In the State of Texas, if it is shown on the trial of a felony that the defendant has previously been finally convicted of a previous felony, the state can use the prior conviction to punish the defendant at a higher range of punishment. For example, if a defendant is charged with a second degree felony, found guilty and has a previous felony conviction of a third degree or above case, the second degree case will be bumped up to a first degree punishment range. Therefore, instead of facing two to twenty years in prison, the defendant would be subject to five to ninety nine years in prison. This is called an enhancement. That is a general synopsis of how enhancements work. They are different for misdemeanors and state jail felonies, but the main point to understand is that they are used to increase punishment.
If a defendant has a prior juvenile adjudication, can it be used to enhance their adult felony? It may come a surprise, but if your answer to the question is no, you would be wrong. In the state of Texas, the state can and does use prior juvenile adjudications to enhance adult punishment. The criteria to use the juvenile case is as follows. First, the juvenile case must have been for a felony. Second, the defendant would have had to be committed to the Texas Juvenile Justice Depart, what is commonly referred to as TDCJ. Third the juvenile offense would have to be committed after January 1, 1996.
If a defendant’s juvenile adjudication meets the three conditions, then they are final felony convictions that can be used to enhance adult felony convictions. As the example above explains, the second degree case would be punished as a first degree. A third degree case would be punished as second degree. For enhancement purposes in Texas, a first degree felony is raised from five to ninety nine years to fifteen to ninety nine years.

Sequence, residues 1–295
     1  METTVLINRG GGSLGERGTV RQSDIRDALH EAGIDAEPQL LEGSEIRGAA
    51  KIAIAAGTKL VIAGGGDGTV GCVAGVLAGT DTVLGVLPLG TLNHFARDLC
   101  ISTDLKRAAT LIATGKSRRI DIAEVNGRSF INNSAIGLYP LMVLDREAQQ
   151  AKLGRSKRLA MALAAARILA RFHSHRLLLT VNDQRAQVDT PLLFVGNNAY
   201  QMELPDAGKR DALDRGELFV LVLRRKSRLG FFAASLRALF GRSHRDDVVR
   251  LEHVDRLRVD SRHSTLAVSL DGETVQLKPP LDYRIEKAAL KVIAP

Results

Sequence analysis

In Texas, if a defendant has two prior felony convictions, they are given habitual status. This means that the range of punishment is twenty five years to life in prison, if a defendant has two prior convictions. It is extremely important to note that, although a prior juvenile adjudication that meets the above criteria can be used to enhance punishment, it cannot be used as one of the two prior felony convictions to enhance a defendant to a habitual.
The criminal justice system in both Texas Juvenile Courts and in Texas Criminal Courts is complicated, scary and potentially life changing. An experienced, Texas Board Certified Attorney is your best choice when faced with a crisis that could involve prison time. Mario Madrid is a Houston Criminal Defense Lawyer who has over twenty years of experience. If you need the help of a Houston Criminal Defense Attorney, call Mario Madrid at 713-877-9400, for a free consultation.